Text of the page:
Long term global climate change is currently at the forefront of scientific interest. Climatic variation is undoubtedly a natural process, but the balance of evidence available suggests that excessive human activity has been the dominant reason for the recently observed dramatic changes in climate (Telemeco et al, 2009). Records have shown that since the 1970s, global mean annual temperatures have increased significantly, rising by approximately 0.15ËšC per decade (Beaumont and Hughes, 2002). It has been predicted that this trend will continue, and global mean annual temperatures are likely to have increased by 1.4-5.8 ËšC by the year 2100 (op.cit). Some researchers believe that such temperature rises will be “the largest anthropogenic disturbance ever placed upon natural ecosystems” (Deutsch et al, 2008). Whilst this warming has received a great deal of attention, changes in precipitation patterns and the frequency of extreme weather events will accompany this temperature variation. These recently devised predictions are causing immense concern amongst scientists, because assuming that they are correct, the biodiversity across the globe will be altered significantly. Distribution, the geographical occurrence or range of an organism, is mostly controlled by climate, and therefore, it is anticipated that this will be notably affected in numerous species (Pearson and Dawson, 2003). Studies have shown that global climate change has already taken effect and has been the cause of numerous distribution shifts observed in a variety of organisms during the past 30 years (Thomas et al, 2004). A study carried out by Hitch and Leberg (2006) found that distributions of North American bird species were moving significantly further north, most probably as a result of increasing temperatures. The extent to which animals react to global climate change, whether it be through changing their distribution or reacting in others ways, will depend largely upon several factors. The first is the geographical location of the species and the second being the presence of particular biological traits. These traits are related to factors such as genetic make-up, ecology and life history stages, influencing an individual’s vulnerability to climate change. Specific traits include dependence upon a particular microhabitat, dispersal limitation due to geographical barriers and low genetic diversity (Foden et al, 2008).Therefore, not all species will respond in similar ways, even when exposed to the same climatic conditions, meaning that the persistence of some species will be threatened more than others. Extinction, due to climate change, will be the likely reality for some species, and it has been estimated that 15-37% of terrestrial species will be ‘committed’ to extinction by the year 2050 (Thomas et al, 2004). Research is currently very much centred on trying to identify those most at risk and looking for possible ways to reduce predicted extinction rates. Though much effort is being made, minimizing the emission of greenhouse gases, primarily carbon dioxide, is the single ultimate action which could save a vast number of species (op.cit). The publication of a growing number of studies regarding extinction in relation to climate change is making humans increasingly aware of the vital actions that need to be taken in an attempt to conserve the earth’s biodiversity.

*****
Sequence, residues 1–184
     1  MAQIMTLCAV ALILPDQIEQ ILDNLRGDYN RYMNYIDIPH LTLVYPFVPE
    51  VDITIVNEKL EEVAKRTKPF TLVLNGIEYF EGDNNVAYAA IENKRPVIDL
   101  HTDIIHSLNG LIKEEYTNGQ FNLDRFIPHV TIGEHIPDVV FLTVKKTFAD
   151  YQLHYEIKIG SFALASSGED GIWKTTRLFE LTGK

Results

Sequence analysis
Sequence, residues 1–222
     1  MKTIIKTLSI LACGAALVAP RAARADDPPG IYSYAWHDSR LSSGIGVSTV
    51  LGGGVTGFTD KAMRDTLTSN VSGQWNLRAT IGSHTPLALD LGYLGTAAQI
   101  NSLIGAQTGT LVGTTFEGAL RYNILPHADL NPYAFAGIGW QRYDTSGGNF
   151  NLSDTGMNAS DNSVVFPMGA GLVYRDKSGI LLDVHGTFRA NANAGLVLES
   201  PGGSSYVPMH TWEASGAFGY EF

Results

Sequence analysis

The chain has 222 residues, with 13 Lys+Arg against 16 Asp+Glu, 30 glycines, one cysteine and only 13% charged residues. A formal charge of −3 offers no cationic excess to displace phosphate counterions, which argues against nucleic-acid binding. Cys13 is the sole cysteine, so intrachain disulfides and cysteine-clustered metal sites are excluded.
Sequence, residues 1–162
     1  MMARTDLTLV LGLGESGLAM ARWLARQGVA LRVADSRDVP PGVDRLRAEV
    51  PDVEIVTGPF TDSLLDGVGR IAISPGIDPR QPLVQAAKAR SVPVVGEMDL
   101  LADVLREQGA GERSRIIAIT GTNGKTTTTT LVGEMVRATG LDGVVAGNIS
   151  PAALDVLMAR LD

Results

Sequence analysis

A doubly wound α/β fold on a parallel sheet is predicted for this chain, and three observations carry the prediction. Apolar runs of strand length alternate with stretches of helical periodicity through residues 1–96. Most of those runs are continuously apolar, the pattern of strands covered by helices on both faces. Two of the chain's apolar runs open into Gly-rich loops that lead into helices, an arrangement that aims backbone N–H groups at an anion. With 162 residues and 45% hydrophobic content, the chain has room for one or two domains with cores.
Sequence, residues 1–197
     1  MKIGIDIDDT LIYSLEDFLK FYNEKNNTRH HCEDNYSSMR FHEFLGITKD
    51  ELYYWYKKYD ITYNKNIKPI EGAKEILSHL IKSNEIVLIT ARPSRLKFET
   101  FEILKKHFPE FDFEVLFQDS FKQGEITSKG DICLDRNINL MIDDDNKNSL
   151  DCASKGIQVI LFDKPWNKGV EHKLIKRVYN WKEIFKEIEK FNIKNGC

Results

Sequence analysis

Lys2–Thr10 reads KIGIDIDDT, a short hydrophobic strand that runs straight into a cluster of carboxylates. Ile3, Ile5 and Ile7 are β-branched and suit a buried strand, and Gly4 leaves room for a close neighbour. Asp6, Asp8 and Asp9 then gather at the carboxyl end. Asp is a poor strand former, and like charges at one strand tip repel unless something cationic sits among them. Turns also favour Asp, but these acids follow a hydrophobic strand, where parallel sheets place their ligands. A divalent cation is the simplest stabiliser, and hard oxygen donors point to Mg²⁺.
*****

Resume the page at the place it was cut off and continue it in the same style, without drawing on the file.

The aim of this review is to evaluate how global climate change will affect the distribution and status of both terrestrial vertebrate and invertebrate species. ‘Status’ is quite a broad term but in context of biology and hence this review, it primarily refers to ‘conservation status’; examining how likely the animal is to become extinct in the future. Predicting the status of an organism is complicated and requires information regarding various aspects of its ecology, such as its habitat, foraging strategy and breeding behaviour. Research concerning a variety of animal groups will be examined, so that a wide range of potential effects across the animal kingdom can be identified. Here, four taxonomic groupings have been selected for review, due to their high vulnerability to climate change and/or high environmental importance. These taxa are also heavily represented in the available literature. The polar bear (Ursus maritimus) has been focused on due to its rapidly changing ice habitat. Insects and amphibians were selected mainly due to their ectothermic nature and are therefore highly sensitive to temperature. Finally birds were chosen due to their close association with climate, especially in migratory species. Although not every animal class has been reviewed, it is hoped that this literature review can provide a balanced evaluation with regards to an area of science which is causing both increased social interest and concern at the present time.